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When I was much younger (12/13), my parents had applied on my behalf for admission to an Australian school. Apparently, my visa was initially not approved. It was later approved but by then the school had withdrawn my application.

There was no interview. I did not visit an embassy or visa processing center. There are no stamps, records, documents, refusal letters or memory to show if the visa application was actually processed for it to be refused. We don't even remember if the passport was submitted at all (we may have used an agent but simply don't remember that either). The visa that was approved (or was the decision changed?) has also not been stamped. How do I find out if I was actually refused or not?

I ask because some visa application forms ask for this information. There were no biometrics and I don't think I signed any form (I was a minor). I think it is quite ridiculous to ask for information on visa application forms that is more than 10 years old. If you miss something--you risk being flagged for lying.

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    You might be able to make a freedom of information request – mts Apr 3 '17 at 15:36
  • Do you need to declare refusals while you were a minor? – David Richerby Apr 3 '17 at 20:31
  • You’ve edited in completely new questions. That’s not a good idea; one, because a question should only ask one question, and two, because there already are answers that now look incomplete because they don’t address the added part. Please undo your edit and ask new questions in, well, new questions (one each). – chirlu Apr 11 '17 at 16:13
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I would suggest you reply "Application 15 years ago, result unknown" or something like that, and put a short explanation, similar to that in your question, in the 'other comments' box at the end. As you say, bureaucracies really dislike people lying to them, but nobody would expect you to recall these details, particularly as you were a minor at the time, And if the officials do want to find out the result (which I would think unlikely), they can always go back to their own archives.

  • This would be equivalent to answering "yes", since it will automatically invite extra scrutiny from visa officials. – JonathanReez Apr 3 '17 at 9:42
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    I've made plenty of visa applications (but not to Australia) and at the time of the applications I genuinely didn't remember (all approved). This just came to me. I travel extensively and I don't remember every immigration detail. I believe officials should at least put stamps in passports for future reference. That's what I look at to fill in most information. – greatone Apr 3 '17 at 9:48
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    @JonathanReez: Extra scrutiny from somebody who knows this is an unusual case is much better than a computer flag saying 'Applicant lied about previous application'. – TimLymington Apr 3 '17 at 11:49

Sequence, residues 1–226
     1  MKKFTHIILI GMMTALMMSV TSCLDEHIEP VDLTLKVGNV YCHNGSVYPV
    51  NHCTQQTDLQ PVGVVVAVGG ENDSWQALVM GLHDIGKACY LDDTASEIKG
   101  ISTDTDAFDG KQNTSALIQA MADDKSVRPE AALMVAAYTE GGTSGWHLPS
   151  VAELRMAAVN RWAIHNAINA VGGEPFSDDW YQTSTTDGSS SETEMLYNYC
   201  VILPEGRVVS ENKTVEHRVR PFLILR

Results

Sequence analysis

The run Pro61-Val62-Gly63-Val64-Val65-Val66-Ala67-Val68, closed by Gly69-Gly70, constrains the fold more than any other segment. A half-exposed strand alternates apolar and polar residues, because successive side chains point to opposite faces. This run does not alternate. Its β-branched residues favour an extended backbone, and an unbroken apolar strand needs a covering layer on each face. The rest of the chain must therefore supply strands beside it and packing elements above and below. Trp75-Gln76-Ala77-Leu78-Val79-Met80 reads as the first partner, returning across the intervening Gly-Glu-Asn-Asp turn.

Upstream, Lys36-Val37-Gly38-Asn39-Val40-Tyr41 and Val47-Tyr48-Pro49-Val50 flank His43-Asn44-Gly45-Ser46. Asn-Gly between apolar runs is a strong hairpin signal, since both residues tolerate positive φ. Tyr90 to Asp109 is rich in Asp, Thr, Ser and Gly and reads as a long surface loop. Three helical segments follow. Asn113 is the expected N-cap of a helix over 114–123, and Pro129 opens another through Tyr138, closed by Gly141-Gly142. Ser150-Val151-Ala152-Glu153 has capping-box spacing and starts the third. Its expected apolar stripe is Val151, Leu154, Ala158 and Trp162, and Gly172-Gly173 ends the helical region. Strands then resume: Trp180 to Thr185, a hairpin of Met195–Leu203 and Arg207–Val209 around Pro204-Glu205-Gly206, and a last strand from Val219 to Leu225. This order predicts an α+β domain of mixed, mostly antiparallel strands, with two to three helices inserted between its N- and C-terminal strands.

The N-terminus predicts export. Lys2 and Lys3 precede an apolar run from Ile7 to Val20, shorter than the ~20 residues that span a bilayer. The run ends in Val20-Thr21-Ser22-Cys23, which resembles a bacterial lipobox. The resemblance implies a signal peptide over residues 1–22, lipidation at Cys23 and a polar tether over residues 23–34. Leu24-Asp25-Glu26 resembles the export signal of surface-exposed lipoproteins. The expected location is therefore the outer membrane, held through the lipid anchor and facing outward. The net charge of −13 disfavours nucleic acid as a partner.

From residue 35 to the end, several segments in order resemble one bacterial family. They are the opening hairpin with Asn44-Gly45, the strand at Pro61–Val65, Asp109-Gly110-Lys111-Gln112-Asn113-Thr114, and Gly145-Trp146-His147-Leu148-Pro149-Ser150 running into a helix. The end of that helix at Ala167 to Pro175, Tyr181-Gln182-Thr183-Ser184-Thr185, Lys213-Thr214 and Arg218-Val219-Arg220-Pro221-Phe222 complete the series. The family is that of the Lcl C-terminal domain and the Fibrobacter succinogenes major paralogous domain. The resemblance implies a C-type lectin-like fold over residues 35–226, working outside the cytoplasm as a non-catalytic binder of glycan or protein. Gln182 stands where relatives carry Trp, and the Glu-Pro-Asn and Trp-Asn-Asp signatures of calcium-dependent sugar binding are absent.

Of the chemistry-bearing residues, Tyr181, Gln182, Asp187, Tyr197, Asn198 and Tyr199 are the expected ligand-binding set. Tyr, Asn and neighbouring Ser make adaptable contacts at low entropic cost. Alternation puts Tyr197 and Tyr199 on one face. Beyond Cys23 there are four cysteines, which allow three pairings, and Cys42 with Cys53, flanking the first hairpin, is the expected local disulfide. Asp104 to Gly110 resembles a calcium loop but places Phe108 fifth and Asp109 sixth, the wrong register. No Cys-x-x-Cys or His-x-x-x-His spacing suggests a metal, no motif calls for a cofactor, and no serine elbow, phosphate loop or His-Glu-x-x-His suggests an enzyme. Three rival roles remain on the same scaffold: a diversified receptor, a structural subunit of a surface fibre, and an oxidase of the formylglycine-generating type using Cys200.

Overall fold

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    @TimLymington sure, but I assume OP wants to be sure rather than answer ' not sure' every time. – JonathanReez Apr 3 '17 at 12:02
  • Well then he can choose to say no and get whacked and refused if they have information showing otherwise. It's his prerogative. Clearly he knows there was some issue of some sort, coming clean is the best thing to do. But then of course people have differing opinions. – user 56513 Apr 3 '17 at 16:01
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You could file a FOI request which would take a while.

Ultimately in this case you should weigh the risks and make your own determination. Many countries have an outright ban for a number of years if you provide false information to immigration in order to obtain a travel benefit. For the USA it is a permanent bar, for the UK it is a ten year bar and for Australia apparently 3 years.

For Australia

According to new laws, anyone who submits fraudulent information with a visa application will face harsher penalties, including being banned from entering Australia for up to three years. An existing visa will also be cancelled if fraudulent information was found to be involved.

Also

Certain cancellations can result in even more severe penalties, and it’s possible that you could be permanently banned from Australia (although these situations are rare and are generally the result of a serious crime).

Immigration rules can be very harsh and sometimes appear arbitrary with offenders getting heavily and disproportionately punished. It is best to err on the side of caution and provide a hint that you previously had an indeterminate immigration snafu, particularly when you have a strong profile. Just attach a small explanation. Basically you have more to lose than gain if they find out and choose to view it as fraudulent. In your favor, you were a minor at the time.

  • Sounds reasonable. In the case of the USA, they don't ask this question at all on the application form. If they ask at the interview, I can clarify. They also seem to have a more strict criteria for what counts as fraud. As for the UK, I could bank on them asking for clarification in case they find out and give me the benefit of doubt being a minor at the time. As for Australia, it would be better to avoid making an application until a FOI querry since they're the most likely to cause problems. However, another problem if I answer yes is why I mentioned no in previous applications. – greatone Apr 3 '17 at 18:14

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